How to get your toddler back to sleep
Toddlers need 11 to 14 hours of sleep every day. Moms and dads can only dream of getting that much.
While newborns normally wake up several times throughout the night for feedings, as they grow into toddlers and young children, they settle into a more structured sleep schedule.
However, it’s not unusual for toddlers to still wake up several times throughout the night. Sometimes they’re up for good, waking up their parents who have no idea how to get their kid back to sleep.
Why toddlers wake up at night
At the drop of their favorite blanket, toddlers can go from out like a light to full speed ahead. It might seem like there’s no rhyme or reason to why it’s happening, but Dr. Kevin Dahlman, medical director of Aurora Children’s Health at Aurora Health Care says parents can identify the potential triggers for their kid’s sleep problems.
- Physical reasons: Growth spurts naturally encourage kids to test limits and boundaries, and this includes sleep. Pain from teething or catching a cold can also cause kids to wake up and have trouble settling back into sleep.
- Changes to their routine: Kids may have trouble adapting to changes around them, like a new babysitter or teacher. Seemingly subtle changes to when they go to bed, or what they do before lights out can lead to sleep issues throughout the night.
- Fear, anxiety or stress: Bad dreams can keep kids up crying all night. Night terrors, which are not to be confused with nightmares, can throw kids into an uncontrollable fit. These are often caused by the anxiety or stress caused by separating from a pacifier, blanket or stuffed animal.
- Not enough or too much sleep: Being overtired can lead to restlessness, while too long of a nap during the day means that nighttime could be difficult.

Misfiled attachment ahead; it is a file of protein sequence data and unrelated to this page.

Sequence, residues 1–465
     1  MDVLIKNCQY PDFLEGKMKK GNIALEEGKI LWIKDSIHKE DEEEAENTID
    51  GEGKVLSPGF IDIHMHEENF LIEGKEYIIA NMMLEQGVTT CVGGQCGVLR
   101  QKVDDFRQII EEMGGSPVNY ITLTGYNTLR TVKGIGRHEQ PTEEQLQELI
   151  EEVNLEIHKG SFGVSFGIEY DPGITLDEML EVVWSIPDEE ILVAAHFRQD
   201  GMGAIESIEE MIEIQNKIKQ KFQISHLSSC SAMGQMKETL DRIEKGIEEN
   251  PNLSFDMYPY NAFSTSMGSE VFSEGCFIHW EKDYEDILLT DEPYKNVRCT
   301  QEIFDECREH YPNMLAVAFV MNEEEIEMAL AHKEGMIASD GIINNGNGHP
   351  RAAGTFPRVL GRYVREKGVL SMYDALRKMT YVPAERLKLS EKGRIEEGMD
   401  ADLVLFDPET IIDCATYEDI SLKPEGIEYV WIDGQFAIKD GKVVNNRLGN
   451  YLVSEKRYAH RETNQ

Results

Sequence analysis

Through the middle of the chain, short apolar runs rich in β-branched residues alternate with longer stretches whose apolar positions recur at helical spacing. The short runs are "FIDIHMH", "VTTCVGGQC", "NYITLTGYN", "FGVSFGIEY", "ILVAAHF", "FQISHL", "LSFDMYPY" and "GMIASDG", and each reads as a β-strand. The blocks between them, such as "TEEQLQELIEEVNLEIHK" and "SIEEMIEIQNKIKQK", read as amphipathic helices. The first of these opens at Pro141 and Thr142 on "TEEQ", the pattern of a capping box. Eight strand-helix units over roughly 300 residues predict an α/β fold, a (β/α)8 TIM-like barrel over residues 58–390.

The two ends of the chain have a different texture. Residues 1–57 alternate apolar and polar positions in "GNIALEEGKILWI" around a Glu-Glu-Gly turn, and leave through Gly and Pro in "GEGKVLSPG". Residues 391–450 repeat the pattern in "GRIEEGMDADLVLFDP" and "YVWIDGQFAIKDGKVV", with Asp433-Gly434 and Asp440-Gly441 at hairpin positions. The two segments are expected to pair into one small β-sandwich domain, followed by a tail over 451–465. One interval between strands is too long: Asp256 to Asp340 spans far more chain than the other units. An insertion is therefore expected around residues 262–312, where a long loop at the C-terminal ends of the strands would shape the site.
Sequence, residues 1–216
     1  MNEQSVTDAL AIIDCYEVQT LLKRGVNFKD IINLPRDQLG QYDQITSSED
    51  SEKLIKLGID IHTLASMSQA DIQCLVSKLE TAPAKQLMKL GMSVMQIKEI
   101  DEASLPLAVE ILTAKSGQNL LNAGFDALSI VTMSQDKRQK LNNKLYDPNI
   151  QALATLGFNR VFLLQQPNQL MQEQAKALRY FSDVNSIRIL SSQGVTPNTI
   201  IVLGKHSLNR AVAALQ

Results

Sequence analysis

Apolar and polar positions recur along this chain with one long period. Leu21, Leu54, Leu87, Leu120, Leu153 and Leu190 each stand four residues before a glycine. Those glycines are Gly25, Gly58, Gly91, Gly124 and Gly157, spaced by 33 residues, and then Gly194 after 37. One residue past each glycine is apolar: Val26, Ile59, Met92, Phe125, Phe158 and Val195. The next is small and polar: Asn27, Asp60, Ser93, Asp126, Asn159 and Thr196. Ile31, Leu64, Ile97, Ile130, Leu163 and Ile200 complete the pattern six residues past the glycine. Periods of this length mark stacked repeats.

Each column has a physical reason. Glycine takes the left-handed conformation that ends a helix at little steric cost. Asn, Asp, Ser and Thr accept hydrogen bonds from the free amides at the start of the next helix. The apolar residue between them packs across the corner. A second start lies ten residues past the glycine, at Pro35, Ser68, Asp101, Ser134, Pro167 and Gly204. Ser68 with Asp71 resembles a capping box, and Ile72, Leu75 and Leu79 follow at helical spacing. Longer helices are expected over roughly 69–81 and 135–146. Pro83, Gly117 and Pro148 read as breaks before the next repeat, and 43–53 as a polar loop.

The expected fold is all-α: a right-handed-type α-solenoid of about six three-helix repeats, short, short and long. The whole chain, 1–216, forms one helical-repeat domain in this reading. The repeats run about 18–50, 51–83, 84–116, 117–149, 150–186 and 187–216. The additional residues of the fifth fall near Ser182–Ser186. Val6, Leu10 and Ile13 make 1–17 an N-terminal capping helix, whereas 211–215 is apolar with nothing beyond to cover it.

How you can prevent them from waking up
Dr. Dahlman recommends these tips for making sure your toddler – and everybody in your house – gets an uninterrupted and refreshing night of sleep.
- Learn why they wake up: Troubleshoot and understand what factors are causing your toddler to wake up. See your pediatrician to make sure they aren’t ill and go from there to create an environment that leads to smoother sleep.
- Help them self-soothe: Maybe they aren’t quite ready to give up their pacifier or blanket. Give them what they need to settle into sleep and get creative with night lights, white noise or a fan to calm them down before bed.
- Make a bedtime routine: Read a story, talk about your day or look ahead to tomorrow. Whatever you choose, following a set routine gets their body into the habit of settling in for the night.
- Manage their sleep schedule: Keep track how much sleep they’re getting at night, as well as during nap time. Using this info, parents can better manage bedtime not just day to day but from year to year as they get older.
About the Author
Matt Queen, health enews contributor, is a communication coordinator at Aurora Health Care in Milwaukee. He is a former TV sports anchor and journalist with extensive public relations experience across the health care spectrum. Outside of work, Matt enjoys watching sports (of course), cooking, gardening, golfing and spending time with his wife and two young children.